Spoiler Over: Continue Here

- One of my favorite things about this book was Heller's attention to detail. The book is separated into 42 chapters, and each chapter is devoted to a different character. This got rather confusing, as there are many many characters and even more military titles thrown around (thought anything would be easy after the Russian names - I was wrong!) but it created incredibly powerful images of each character in my mind. Orr, for instance, used to stuff his mouth with horse chestnuts and crabapples because he wanted lovely chubby cheeks. Havermeyer is always eating peanut brittle. Clevinger tears up when he speaks passionately about something. And my personal favorite, Dunbar, tries to perform actions that are incredibly boring or particularly mind-numbing because he believes that time moves more slowly during these moments and he wants to increase his life span.

- Nately, another friend of Yossarian, has a girlfriend in Rome who is a prostitute. She ends up falling in love with him after he visits her and pines for her several times during rest leaves in Rome. Nately dies on a mission near the end of the book, and when Yossarian travels to Rome to tell her the news, she tries to kill him. Yossarian escapes, but the woman reappears 6 or 7 times throughout the book, always disguised as someone else (a mechanic, a Nazi, a pilot) and leaps out to attack Yossarian. When Yossarian sets out on his journey at the end of the book, it is only after deftly escaping another one of her knife attacks.

- I can't believe this book is assigned reading in high school. I found it a challenge to read, and to really understand, but most of all, there's a serious amount of violence and some very dirty sexual references in it. I'm pretty liberal, and I'm 23, and I was shocked in a few places.

- Yossarian frequently gets himself admitted to the hospital so that he won't be able to fly missions. He makes up liver ailments and other various diseases. His friends do likewise, often at the same time just so that they can spend time together. In what is probably my favorite part of the book, Yossarian is assigned the duty of censoring letters to be sent abroad. Deciding the process is completely ridiculous and arbitrary, he deletes random phrases, entire letters, signatures, and anything else he feels like. He signs Washington Irving to many of the letters. He gets tired after a while, and writes John Milton instead. Then he comes up with creative ways to write John Milton as a signature, including "John, Milton is a sadist" "Have you seen Milton, John?" and the one that serves as the title for this post.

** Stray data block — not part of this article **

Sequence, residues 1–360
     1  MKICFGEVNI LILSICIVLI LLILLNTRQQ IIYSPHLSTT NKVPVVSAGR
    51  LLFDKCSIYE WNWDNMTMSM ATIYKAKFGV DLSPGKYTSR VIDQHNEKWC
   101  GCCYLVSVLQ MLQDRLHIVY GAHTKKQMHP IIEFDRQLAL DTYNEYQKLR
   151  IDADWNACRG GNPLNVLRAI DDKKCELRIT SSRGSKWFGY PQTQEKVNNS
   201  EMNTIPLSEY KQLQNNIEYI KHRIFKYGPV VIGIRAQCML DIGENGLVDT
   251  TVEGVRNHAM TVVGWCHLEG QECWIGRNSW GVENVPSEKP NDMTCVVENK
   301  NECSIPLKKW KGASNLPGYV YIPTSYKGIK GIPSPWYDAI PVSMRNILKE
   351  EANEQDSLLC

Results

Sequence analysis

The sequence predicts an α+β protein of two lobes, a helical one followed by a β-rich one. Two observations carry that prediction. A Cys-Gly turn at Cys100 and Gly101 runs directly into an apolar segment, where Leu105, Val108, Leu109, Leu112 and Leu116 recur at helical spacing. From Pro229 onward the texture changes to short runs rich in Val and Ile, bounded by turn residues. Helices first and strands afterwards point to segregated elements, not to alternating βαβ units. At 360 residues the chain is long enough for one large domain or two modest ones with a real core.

- There's a character named Milo Minderbinder who makes terribly confusing business deals left and right with various countries to make money from the war. He claims that everything he earns goes back into something called "the syndicate" and that every man in the country has a share. One of my favorite moments in this story line is when one of the planes crashes into the ocean. The men inflate their raft, but as they try to inflate the life jackets, the carbon dioxide cylinders are missing. Milo used them to make strawberry and crushed-pineapple ice cream sodas in the mess hall. They find only a note, reading "What's good for M and M Enterprises is good for the country."

- There are 2 references to Raskolnikov in this book! What are the odds that I would just have read that book? It's a sign. Good karma for this project.

- I really liked the ending to this book (especially compared to the ending of Crime and Punishment). It felt hopeful, but with just right amount of humor and latent seriousness. Most of Yossarian's friends are dead, but Orr survived and made his way to Sweden, and Yossarian might just be able to get there, too.

All in all, I can see why this book is a classic. I thought it was brilliant.

On to Lolita!

Sunday, October 25, 2009

Perhaps it really would be better in Siberia

Crime and Punishment by Fyodor Dostoevksy

Spoiler Alert: Plot Summary